The entire attack on Sandwich and the fort had taken less than half an hour. On board Sandwich, Constitution’s crew discovered that Sandwich’s rigging was largely dismantled for its extended anchorage period, though all the parts were stored on the ship. While the Marines fended off sporadic approaches by small Spanish boats, Constitution’s crew reassembled the rig. By late afternoon they were ready to sail, but by then the wind had died. It was after midnight before they were able to get underway and extract both Sally and Sandwich from the harbor.

Fate of the Seized Ships

In less than two weeks, Talbot had accumulated a flotilla of four captured ships, all of which were eventually dispatched to New York, where the captures would be reviewed by a prize court. The Spanish government, however, filed a protest with the U.S. government, arguing that Talbot had no legal right to seize a French privateer from the neutral Spanish port. On paper, Spain had ceded the eastern half of Hispaniola to France as part of a treaty in 1795, technically making Puerto Plata a French possession. But the island was still occupied and ruled by the Spanish when Sandwich was removed. In fact, it had been Spanish guns and soldiers in the fort that the U.S. Marines had raided, arguably invading a Spanish colony. Rather than wait for the court to rule, the U.S. government decided in September to return Sandwich to Spain’s Minister to the United States as part of a larger effort to resolve diplomatic disputes with Spain. The U.S. government argued that French privateers were allowed to carry American prizes, like Nymph, into Spanish ports, and some of the privateers themselves were Spanish.

Sandwich was eventually returned to its owners, though the Quasi-War had largely ended at that point.

The U.S. government’s decision not to defend the capture of Sandwich in effect prevented the court from ruling on the legality of Talbot’s harbor raid. Even if ownership of Puerto Plata was debatable, the orders allowing the U.S. Navy to seize French privateers specified “on the high seas.” Talbot had clearly exceeded his orders by conducting the raid to cut out Sandwich in Puerto Plata harbor. Emboldened by the immediate tactical success of the Puerto Plata expedition, however, Talbot had made more raids on privateers using Constitution’s small boats and Marines in the summer of 1800 – all of which were potentially outside his legal authority. The court did certify Ester and Nymph as legal prizes, even though they were also taken from anchorage.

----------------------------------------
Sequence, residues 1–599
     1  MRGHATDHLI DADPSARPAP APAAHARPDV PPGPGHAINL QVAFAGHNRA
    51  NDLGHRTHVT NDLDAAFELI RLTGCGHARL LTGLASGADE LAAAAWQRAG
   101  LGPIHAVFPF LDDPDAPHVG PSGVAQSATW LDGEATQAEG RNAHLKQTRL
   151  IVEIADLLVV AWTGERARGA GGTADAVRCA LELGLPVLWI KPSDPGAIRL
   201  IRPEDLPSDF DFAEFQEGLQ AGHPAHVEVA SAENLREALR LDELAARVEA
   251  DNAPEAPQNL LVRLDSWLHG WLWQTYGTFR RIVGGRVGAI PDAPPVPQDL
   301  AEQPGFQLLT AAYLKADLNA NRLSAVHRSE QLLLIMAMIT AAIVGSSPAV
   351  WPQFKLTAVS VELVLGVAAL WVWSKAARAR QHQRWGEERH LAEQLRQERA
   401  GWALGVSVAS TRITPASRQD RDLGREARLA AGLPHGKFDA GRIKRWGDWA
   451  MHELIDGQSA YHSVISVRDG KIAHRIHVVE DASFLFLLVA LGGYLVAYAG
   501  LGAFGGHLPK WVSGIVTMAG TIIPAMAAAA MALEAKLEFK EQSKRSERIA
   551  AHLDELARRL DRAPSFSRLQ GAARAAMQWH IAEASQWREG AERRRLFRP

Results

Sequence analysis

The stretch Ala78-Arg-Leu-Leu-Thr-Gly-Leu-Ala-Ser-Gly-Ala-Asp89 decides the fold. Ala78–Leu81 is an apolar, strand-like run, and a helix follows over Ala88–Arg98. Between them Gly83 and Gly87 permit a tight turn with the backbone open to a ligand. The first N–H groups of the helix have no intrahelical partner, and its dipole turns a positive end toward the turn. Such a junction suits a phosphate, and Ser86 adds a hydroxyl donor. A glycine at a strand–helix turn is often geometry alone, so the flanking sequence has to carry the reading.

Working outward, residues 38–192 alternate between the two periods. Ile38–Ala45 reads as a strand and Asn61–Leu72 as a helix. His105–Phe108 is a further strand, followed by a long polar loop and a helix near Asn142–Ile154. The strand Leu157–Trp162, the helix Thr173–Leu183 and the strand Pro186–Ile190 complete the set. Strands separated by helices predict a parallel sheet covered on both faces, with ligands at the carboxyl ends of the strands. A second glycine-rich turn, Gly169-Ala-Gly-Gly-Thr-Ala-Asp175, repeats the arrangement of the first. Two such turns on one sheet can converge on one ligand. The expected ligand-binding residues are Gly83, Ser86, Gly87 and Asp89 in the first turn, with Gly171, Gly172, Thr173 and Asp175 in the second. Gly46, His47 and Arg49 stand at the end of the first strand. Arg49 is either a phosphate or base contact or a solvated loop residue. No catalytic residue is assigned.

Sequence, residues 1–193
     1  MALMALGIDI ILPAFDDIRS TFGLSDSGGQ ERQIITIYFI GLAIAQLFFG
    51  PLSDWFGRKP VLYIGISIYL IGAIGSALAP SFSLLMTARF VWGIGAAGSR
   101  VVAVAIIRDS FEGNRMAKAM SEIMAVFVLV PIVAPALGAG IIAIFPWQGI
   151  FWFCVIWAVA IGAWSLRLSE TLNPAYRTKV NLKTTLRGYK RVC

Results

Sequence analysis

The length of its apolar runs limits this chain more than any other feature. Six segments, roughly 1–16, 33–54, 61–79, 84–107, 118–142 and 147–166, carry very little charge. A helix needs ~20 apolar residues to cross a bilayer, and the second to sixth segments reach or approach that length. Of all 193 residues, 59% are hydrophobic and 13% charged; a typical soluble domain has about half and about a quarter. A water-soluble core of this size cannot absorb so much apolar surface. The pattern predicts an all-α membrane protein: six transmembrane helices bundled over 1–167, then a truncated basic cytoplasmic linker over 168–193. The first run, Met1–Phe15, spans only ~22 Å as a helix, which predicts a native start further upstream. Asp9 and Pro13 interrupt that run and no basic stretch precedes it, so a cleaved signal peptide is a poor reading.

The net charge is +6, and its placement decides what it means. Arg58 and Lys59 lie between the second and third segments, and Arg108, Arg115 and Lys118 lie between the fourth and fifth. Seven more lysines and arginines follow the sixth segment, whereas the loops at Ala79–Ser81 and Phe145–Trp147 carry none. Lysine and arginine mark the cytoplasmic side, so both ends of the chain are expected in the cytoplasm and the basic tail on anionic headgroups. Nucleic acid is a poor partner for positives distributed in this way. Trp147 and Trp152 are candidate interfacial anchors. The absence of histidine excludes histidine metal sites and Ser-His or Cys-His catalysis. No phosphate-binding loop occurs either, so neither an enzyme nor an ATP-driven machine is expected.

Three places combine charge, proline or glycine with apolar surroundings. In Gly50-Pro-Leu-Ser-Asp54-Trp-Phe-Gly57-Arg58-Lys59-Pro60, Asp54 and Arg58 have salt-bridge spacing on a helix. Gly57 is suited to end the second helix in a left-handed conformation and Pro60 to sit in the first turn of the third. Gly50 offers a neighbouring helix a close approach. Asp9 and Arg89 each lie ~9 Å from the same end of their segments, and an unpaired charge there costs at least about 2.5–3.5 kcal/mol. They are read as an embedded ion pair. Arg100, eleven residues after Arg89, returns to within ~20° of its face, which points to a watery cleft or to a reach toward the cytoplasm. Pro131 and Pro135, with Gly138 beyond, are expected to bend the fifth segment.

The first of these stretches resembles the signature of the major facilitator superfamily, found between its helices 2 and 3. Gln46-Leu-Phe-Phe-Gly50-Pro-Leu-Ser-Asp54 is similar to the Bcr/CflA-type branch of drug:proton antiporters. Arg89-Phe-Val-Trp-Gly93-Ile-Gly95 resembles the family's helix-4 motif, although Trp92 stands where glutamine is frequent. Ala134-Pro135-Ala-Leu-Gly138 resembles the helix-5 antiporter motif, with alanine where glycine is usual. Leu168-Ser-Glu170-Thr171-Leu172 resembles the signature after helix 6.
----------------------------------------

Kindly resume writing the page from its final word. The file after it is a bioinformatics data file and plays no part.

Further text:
Constitution’s pursuit of Sandwich and the other privateers along the northern coast of Hispaniola highlights the messy nature of the Quasi-War with France. This limited, undeclared conflict created a web of legal constraints on Constitution and other U.S. Navy ships. Many of thee constraints were not always clear to Talbot and the captains in his squadron. At the same time, the reefs and shoals of the Caribbean created equally challenging operational constraints that pushed Talbot and others to come up with creative uses of smaller ships and boats. The raids and pursuits in tight coastal waters proved good training for the U.S. Navy and its young officers, and that training came in handy when they were deployed against the Barbary States in the Mediterranean Sea three years later.

Office of Naval Records and Library, Navy Department. Naval Documents Related to the Quasi-War Between the United States and France, February 1797-December 1801. 7 v. Washington: U.S. Govt. Printing Office, 1935.
Armstrong, Benjamin. Small Boats and Daring Men: Maritime Raiding, Irregular Warfare, and the Early American Navy. Illustrated edition. Norman: University of Oklahoma Press, 2019.
DeConde, Alexander. The Quasi-War: The Politics and Diplomacy of the Undeclared War with France, 1797-1801. 1st edition. Scribner, 1966.
Palmer, Michael A. Stoddert’s War: Naval Operations During the Quasi-War with France, 1798-1801. Columbia, S.C: University of South Carolina Press, 1987.


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This article has been made possible by a Sustaining the Humanities through the American Rescue Plan (#SHARP) grant from the National Endowment for the Humanities: Democracy demands wisdom. Any views, findings, conclusions, or recommendations expressed in this article do not necessarily represent those of the National Endowment for the Humanities.

The Author(s)

Carl Herzog
Public Historian, USS Constitution Museum

Carl Herzog is the Public Historian at the USS Constitution Museum.